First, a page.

I encountered Rilke as a fourteen year old; I was in my local library and someone had put Letters to a Young Poet on display on a bookshelf. I picked it up and its discussion on the intensity of the poetic—on vocation, on the work of the poem as a site of self-transcendence—all activated my passions and imagination. I immediately checked-out Stephen Mitchell’s translations of Rilke’s poetry. The poem “[You who never arrived]” mirrored so much of the desires I was then living through: adolescent hope and longing, the ubiquitous resonance of love as its images refract through history into the phenomenal world (a store window, a bird song). Rilke’s unpublished missive to a distant beloved became an archetype for much of my sense of the poetic: an epistle (in)to the unknown fueled by a compassion that comprehends radical otherness as an aspect of the self exceeding the self, the “self” as a species of metaphor where each bodied self is comprehended as democracy in a post-human love—echoing through us “yesterday, separate, in the evening…”
In her essay “The Holograph,” poet Brenda Hillman speaks of handwriting a poem over and over as a method of revision in her own practice:
Emerging signs are very close to the nerves of the hand. Seeing a letter formed in stages… pulled into the thread or wick, to the thing of the word itself, gives a sense of participatory process, that the poem is still unfolding, that all of its unconscious dream nature has not yet been foreclosed upon.…
Hillman writes too about our “atavistic connections to the written expression.” Thinking about that “atavistic” quality, that reversion to the ancestral, Poetry Daily asked each member of its new editorial board to name the poem that first sparked poetry in them—the first poem they read that gave them permission to write poetry or the idea that they might write it—the poem that led them down the path to becoming a poet.
We then asked each editor to write about that special experience and to create a writing prompt for others based on an observation about the poem. We also asked them, finally, to handwrite that poem—as a kind of homage to its maker, the poet who came before—and an homage to the poem itself as a thing that first sparked their writing.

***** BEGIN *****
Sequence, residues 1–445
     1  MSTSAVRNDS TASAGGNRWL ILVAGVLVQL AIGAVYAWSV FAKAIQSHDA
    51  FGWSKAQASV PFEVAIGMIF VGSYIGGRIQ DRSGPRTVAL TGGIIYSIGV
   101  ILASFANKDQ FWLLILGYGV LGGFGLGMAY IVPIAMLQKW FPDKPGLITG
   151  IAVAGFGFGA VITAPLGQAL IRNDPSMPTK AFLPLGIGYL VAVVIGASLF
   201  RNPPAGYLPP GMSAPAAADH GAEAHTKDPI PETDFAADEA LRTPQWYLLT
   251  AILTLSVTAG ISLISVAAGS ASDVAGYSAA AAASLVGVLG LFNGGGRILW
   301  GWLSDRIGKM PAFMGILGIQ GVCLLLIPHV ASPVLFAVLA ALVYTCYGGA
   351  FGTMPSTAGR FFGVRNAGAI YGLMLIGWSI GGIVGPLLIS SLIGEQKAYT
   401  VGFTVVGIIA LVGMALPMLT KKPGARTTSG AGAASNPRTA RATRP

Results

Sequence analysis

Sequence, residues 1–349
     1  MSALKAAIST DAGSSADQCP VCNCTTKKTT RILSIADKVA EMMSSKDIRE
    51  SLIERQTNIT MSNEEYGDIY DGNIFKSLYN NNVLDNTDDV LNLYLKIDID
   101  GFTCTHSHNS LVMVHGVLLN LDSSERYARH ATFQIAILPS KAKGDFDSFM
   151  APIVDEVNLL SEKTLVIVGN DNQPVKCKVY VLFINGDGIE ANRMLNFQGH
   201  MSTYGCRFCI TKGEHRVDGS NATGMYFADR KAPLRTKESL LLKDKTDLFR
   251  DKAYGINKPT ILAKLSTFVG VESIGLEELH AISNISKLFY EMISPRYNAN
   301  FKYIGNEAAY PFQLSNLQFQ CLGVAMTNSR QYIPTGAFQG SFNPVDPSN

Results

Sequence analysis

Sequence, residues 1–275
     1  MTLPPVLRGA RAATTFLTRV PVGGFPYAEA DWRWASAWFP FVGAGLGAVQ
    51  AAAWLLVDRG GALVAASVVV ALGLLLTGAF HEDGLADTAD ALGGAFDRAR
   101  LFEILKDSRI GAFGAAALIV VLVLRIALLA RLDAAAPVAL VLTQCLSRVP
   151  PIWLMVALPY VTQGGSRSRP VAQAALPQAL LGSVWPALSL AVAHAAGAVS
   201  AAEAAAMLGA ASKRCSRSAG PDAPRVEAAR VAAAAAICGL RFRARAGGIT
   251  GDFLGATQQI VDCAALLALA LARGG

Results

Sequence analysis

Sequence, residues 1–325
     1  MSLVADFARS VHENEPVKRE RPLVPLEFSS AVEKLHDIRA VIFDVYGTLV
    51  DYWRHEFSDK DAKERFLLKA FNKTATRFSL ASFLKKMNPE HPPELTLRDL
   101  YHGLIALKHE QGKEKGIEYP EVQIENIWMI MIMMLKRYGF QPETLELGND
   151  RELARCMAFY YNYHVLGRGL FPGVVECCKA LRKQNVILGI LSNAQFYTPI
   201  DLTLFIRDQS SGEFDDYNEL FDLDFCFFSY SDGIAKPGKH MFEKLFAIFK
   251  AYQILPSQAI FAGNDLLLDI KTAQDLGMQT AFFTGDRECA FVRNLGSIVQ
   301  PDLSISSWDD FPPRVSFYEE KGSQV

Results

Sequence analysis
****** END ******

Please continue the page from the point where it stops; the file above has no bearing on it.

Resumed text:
“I also like to recopy poems other than my own onto new pages,” Hillman observes in conclusion to her essay, “because there is an intimacy about that as well.”
We are excited to present to you these sixteen intimate homages to the relationship between poet as reader and poet as writer, and to what sparks poetry.
J. Michael Martinez on Rainer Maria Rilke’s “[You who never arrived]”
Remember someone you once had romantic feelings for but never told, a desire left unrequited: recall the pressure of that desire, how the mind would construct a world out of your projections. Go for a long walk and, as you meander, wander through that longing, reflecting on what that desire took from you and the remainder that was left. Recall the particular objects and colors from those projections. Write down what you see on your walk that prompts insights and memories. After your walk, look at your written reflections and upon your thoughts and risk confessing what this desire represents of this historical self. What has changed? What hasn’t? What echoes out from under this trajectory?
Use these notes and write a pantoum that begins with “You who never arrived…”. Remember, a pantoum may be of any length; however, it is written in quatrains and the second and fourth lines of each stanza serve as the first and third lines of the next stanza.
J. Michael Martinez
Longlisted for the National Book Award, selected for the National Poetry Series and a recipient of the Walt Whitman Award from the Academy of American Poets, J. Michael Martinez is the author of three collections of poetry. He is the Poetry Editor oiellow and his writings have been anthologized in Ahsahta Press’ “The Arcadia Project: North American Postmodern Pastoral,” Rescue Press’ “The New Census: 40 American Poets,” and Counterpath Press’ “Angels of the Americlypse: New Latin@ Writing.” Visiting Assistant Professor of Poetry at St. Lawrence University, J. Michael lives in upstate NY. More at www.jmichaelmartinez.org.